Teaching unions are set to strike next week, shutting schools across the country, unless a pay deal can be struck
By Lucy Ashton
Teachers have returned to talks with the Scottish Government aimed at ending a pay dispute days before further strike action is due to take place.
Education minister Jamie Hepburn, right, said the latest deal to be proffered by Holyrood, which would see the lowest earning educators receive a 6.85% wage rise, was “very fair,” despite teaching unions turning down the offer.
Members of the Educational Institute of Scotland (EIS), NASUWT and SSTA trade unions, who are due to strike next week, are pressing for 10% but Hepburn insisted that was “unaffordable”.
Asked directly if teachers would be offered more money, the minister said a “very fair and affordable offer” had been made.
Speaking on BBC Radio Scotland’s Good Morning Scotland programme, he stressed rising inflation meant the Scottish Government budget was now worth less than when it was set, adding that the requirement on ministers to ensure a balanced budget meant that “we don’t have fiscal latitude”.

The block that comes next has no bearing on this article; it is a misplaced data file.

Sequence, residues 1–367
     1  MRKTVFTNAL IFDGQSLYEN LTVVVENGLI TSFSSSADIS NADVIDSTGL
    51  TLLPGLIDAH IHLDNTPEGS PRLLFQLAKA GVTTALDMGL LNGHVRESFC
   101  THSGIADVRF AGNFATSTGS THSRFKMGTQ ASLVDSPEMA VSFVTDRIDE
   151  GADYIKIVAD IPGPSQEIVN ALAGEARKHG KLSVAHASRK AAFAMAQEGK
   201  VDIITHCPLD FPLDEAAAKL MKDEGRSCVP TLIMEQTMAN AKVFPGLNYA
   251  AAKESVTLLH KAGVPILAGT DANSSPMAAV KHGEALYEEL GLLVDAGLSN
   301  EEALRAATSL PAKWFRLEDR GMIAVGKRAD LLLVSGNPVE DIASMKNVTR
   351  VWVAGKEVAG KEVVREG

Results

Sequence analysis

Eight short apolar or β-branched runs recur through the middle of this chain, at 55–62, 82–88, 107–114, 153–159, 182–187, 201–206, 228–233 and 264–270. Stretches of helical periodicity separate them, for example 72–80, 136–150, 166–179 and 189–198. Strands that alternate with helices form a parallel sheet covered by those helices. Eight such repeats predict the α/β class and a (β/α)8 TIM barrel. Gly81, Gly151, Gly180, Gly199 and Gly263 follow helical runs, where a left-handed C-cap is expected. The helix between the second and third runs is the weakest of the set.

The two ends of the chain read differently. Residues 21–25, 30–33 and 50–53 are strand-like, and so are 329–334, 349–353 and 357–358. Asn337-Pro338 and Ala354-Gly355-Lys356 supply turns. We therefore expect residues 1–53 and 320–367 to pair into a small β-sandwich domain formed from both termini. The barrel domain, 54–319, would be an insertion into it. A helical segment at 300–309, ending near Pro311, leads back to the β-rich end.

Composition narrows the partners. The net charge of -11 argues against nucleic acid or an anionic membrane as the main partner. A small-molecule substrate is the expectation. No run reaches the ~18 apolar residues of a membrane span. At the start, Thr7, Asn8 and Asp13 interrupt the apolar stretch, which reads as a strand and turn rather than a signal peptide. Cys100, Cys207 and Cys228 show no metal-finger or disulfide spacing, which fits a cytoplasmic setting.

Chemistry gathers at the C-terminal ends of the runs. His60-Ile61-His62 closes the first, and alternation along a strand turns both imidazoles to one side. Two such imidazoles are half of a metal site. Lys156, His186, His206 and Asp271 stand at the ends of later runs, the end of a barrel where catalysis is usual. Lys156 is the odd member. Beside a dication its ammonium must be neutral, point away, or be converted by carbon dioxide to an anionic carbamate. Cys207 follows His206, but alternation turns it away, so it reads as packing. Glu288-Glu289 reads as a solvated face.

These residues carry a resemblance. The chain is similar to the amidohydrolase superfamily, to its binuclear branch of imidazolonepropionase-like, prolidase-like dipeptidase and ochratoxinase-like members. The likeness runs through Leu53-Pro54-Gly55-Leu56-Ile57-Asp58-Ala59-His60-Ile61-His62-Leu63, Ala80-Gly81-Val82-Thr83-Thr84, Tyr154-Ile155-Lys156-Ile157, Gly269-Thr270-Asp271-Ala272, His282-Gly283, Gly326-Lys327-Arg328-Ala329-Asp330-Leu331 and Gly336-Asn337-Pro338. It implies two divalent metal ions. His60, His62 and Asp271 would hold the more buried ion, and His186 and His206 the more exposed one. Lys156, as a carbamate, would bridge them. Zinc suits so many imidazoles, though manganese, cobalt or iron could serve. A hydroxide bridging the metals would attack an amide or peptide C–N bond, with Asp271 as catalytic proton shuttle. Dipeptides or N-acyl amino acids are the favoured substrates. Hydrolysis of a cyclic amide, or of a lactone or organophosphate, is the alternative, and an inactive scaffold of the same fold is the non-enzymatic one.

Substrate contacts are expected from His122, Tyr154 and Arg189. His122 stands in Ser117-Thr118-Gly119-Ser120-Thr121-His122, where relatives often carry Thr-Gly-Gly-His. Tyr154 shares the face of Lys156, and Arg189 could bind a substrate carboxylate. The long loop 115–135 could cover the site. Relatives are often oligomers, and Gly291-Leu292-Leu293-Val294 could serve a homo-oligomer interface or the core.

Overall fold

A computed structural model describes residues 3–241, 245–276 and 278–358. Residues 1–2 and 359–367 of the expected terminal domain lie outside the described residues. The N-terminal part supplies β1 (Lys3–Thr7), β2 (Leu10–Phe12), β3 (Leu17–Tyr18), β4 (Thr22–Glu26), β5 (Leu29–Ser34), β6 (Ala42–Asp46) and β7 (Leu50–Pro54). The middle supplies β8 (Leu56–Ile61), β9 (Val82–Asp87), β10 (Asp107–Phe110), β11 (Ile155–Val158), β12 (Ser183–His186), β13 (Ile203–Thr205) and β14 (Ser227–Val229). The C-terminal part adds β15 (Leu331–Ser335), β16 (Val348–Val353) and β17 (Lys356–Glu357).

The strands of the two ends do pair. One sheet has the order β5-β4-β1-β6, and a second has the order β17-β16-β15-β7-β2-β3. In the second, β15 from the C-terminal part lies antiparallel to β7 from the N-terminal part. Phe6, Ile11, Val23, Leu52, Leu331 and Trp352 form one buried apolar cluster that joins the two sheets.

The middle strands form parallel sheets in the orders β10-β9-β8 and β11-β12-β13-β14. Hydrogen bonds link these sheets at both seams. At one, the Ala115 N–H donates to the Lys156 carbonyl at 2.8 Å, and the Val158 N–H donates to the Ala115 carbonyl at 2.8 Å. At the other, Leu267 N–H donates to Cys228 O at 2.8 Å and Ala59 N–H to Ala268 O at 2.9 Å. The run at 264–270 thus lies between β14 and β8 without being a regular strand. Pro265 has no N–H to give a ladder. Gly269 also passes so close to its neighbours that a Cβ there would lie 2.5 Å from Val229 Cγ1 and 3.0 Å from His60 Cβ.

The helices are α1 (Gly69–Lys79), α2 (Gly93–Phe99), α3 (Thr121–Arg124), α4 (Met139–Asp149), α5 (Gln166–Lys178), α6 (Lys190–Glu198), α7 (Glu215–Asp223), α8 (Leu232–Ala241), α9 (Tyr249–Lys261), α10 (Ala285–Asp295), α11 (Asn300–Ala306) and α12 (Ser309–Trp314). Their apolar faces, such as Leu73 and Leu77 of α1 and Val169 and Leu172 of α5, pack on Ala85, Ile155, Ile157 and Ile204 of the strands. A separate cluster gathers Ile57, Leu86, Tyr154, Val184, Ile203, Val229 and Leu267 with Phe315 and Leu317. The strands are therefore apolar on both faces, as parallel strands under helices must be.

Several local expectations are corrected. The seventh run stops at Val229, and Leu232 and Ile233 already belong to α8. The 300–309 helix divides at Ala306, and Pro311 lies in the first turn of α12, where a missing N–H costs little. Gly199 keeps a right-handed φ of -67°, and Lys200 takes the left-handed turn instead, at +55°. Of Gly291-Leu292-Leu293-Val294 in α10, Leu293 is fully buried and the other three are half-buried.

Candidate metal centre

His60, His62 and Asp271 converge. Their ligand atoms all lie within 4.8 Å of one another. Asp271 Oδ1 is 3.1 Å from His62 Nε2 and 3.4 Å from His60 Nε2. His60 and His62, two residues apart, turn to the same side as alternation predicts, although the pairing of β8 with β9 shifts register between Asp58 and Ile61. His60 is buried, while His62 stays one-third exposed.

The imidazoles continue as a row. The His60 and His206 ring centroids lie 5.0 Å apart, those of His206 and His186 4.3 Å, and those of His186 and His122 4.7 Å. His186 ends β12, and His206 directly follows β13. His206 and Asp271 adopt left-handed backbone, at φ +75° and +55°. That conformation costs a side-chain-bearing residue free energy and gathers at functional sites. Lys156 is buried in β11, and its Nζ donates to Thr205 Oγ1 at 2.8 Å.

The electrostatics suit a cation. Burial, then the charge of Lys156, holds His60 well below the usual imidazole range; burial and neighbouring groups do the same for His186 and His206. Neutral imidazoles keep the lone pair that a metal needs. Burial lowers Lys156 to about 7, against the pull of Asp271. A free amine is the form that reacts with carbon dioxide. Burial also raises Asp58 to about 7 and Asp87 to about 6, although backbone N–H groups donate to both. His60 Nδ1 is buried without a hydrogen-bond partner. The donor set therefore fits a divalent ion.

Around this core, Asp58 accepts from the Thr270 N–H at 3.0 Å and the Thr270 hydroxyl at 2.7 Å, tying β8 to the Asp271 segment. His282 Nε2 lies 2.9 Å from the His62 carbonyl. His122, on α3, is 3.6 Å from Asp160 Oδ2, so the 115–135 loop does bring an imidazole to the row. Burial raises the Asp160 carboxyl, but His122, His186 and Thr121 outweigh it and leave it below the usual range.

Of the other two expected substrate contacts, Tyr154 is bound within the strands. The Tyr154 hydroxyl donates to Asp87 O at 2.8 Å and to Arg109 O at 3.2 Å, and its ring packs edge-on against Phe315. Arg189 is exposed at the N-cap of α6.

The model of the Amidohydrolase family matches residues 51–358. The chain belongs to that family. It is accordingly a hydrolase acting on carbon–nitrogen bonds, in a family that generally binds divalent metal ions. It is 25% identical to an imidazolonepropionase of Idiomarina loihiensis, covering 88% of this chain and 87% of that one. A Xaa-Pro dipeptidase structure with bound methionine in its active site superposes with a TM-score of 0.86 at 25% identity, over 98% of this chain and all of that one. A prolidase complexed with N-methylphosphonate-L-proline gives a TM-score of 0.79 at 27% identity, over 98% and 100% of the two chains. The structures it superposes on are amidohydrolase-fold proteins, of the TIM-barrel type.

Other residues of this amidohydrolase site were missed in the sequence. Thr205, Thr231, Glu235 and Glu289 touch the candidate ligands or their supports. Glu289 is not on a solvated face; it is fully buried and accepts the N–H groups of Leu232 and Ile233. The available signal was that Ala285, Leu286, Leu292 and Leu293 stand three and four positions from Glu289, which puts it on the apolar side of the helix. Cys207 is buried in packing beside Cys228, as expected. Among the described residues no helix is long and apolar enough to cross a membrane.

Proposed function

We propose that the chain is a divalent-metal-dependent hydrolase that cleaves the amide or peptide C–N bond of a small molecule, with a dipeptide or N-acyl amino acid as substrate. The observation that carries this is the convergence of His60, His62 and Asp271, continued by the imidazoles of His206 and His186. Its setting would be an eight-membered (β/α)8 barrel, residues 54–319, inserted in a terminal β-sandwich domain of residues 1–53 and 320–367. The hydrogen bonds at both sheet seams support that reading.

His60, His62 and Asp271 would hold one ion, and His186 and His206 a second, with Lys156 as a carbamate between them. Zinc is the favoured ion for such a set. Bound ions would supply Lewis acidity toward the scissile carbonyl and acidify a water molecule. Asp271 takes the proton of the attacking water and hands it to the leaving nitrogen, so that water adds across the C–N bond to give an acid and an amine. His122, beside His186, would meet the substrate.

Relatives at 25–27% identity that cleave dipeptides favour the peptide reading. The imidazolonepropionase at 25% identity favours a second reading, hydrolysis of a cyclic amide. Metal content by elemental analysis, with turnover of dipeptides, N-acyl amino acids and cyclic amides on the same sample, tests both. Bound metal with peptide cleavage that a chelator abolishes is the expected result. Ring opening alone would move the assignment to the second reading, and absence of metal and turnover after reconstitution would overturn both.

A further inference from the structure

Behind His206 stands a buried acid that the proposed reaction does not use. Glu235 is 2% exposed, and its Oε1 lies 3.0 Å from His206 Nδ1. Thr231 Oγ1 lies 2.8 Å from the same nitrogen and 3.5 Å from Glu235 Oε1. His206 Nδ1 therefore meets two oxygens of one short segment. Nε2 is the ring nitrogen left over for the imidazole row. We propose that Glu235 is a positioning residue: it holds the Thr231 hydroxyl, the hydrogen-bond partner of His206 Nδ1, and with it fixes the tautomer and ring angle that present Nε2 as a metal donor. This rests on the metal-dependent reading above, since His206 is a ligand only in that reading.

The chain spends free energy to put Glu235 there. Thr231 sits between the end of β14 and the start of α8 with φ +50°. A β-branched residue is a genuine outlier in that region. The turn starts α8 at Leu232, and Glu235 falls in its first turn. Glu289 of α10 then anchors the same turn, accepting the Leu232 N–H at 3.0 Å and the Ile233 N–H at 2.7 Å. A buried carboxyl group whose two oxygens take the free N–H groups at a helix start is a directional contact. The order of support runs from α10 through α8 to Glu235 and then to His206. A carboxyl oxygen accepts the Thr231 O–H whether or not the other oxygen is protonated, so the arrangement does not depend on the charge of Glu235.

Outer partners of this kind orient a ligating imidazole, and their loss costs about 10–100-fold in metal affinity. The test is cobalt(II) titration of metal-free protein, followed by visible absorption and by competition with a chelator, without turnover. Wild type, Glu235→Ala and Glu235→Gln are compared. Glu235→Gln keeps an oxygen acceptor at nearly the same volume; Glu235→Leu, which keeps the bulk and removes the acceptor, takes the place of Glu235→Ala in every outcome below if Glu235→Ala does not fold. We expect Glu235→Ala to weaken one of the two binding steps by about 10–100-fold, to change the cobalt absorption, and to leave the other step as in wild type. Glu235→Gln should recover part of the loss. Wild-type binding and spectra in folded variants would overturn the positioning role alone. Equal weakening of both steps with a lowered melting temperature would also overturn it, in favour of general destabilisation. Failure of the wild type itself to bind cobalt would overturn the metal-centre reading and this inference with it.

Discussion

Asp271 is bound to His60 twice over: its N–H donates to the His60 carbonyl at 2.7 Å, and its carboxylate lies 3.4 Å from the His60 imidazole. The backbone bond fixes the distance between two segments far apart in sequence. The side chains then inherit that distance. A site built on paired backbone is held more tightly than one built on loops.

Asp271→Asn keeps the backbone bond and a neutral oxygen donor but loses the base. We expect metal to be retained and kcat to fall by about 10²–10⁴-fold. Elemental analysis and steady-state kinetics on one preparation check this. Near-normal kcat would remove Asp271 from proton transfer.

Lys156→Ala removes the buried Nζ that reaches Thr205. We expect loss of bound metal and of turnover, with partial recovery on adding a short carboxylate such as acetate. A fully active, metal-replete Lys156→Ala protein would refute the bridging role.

Speaking about the proposal made to teachers, Mr Hepburn stated: “If you actually look at what we have offered, it is 6.85% uplift for the lowest paid teachers, 5% for most and £3,000 for those earning £60,000 or more.
“That would represent a 21.8% cumulative pay increase for most teachers since 2018.
Asked if this was the final offer, Mr Hepburn stated: “Discussions will continue, but this is a fair and fundamentally an affordable offer and it would ensure that teachers in Scotland remain by some measure the best paid teaching staff in the UK.
“We want to make sure we have that edge for teachers in Scotland and the offer we have got on the table would ensure that.”
Labour MSPs Jackie Baillie and Paul O’Kane pictured supporting teachers outside the Scottish Parliament.